University Library, University of Illinois at Urbana-Champaign

The items in the Digital Collections of the University of Illinois Urbana-Champaign Library contain materials which represent or depict sensitive topics or were written from perspectives using outdated or biased language. The Library condemns discrimination and hatred on any grounds. As a research library that supports the mission and values of this land grant institution, it is incumbent upon the University Library to preserve, describe, and provide access to materials to accurately document our past, support learning about it, and effect change in the present. In accordance with the American Library Association’s Freedom to Read statement, we do not censor our materials or prevent patrons from accessing them.

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Knight Family Correspondence (Digitized Content)

The digitized content of the Knight Family Correspondence consists of letters written between the Mack family of Bloomington-Normal, Illinois and the Knight family of Selma and Towanda, Illinois, dating from the 1850s to the 1880s. Most of the letters were written by Martha Mack to her sister, Isabella Knight.

Martha and Isabella Gill were sisters and Irish immigrants. Isabella married Harvey J. Knight and they had two children, Martha (Mattie) and Anna Knight The Knight family lived in Selma, Illinois before moving to Towanda, Illinois, outside of Normal, so that Isabella and Martha could be closer to each other. Martha Gill married John T. Mack and the two lived in Bloomington-Normal, Illinois.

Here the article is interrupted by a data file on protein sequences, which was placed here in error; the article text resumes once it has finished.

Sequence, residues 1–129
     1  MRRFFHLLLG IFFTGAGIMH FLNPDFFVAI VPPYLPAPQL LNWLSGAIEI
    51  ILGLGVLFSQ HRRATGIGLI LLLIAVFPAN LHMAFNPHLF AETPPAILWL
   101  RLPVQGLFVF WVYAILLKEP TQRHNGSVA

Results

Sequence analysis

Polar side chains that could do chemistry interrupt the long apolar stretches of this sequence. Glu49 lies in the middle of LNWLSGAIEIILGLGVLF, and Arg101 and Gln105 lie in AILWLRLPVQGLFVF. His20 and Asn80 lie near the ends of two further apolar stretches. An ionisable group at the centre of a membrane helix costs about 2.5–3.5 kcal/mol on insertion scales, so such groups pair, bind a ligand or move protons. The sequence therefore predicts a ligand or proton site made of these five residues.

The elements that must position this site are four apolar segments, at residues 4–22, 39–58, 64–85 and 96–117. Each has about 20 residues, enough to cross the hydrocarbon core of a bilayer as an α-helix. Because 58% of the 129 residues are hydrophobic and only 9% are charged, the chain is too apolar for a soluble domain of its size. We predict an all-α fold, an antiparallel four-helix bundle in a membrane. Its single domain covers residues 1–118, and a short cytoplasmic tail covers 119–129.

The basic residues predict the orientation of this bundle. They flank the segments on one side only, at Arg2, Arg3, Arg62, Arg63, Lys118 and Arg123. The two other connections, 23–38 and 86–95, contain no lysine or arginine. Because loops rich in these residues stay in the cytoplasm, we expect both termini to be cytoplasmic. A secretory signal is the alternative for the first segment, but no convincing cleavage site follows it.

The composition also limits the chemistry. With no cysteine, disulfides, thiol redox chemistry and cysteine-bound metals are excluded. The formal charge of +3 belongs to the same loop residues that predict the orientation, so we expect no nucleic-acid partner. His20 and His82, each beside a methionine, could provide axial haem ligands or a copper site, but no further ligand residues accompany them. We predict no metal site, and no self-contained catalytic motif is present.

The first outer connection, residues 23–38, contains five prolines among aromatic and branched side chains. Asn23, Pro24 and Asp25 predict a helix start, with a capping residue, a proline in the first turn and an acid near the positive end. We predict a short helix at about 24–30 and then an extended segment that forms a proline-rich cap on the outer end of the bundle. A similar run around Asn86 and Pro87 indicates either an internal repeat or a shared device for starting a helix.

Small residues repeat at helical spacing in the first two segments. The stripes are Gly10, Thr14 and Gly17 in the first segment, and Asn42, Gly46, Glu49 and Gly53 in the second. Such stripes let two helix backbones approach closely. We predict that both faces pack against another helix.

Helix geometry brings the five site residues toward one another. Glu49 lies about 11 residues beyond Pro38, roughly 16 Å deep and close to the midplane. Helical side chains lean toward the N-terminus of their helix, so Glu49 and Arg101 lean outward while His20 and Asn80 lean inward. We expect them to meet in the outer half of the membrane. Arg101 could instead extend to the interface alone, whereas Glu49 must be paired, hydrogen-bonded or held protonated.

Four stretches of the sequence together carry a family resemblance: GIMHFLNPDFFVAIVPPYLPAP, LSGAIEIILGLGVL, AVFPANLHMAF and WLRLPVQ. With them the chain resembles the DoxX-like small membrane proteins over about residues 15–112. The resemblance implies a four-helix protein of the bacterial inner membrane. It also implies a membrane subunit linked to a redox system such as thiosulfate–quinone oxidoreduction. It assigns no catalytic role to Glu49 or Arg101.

The digitized content contains letters written between Martha and Isabella about farm life and family updates. Harvey and John also wrote to each other about their farm work. Later letters are written by Mattie and Anna Knight to their mother and father; these letters are about their education in Normal, Illinois, where they were learning to be teachers.

The Illinois History and Lincoln Collections unit at the University of Illinois Library manages the physical items of the Knight Family Correspondence (MS 041). The collection was completely digitized in 2020 and 2021. For more information, contact an archivist at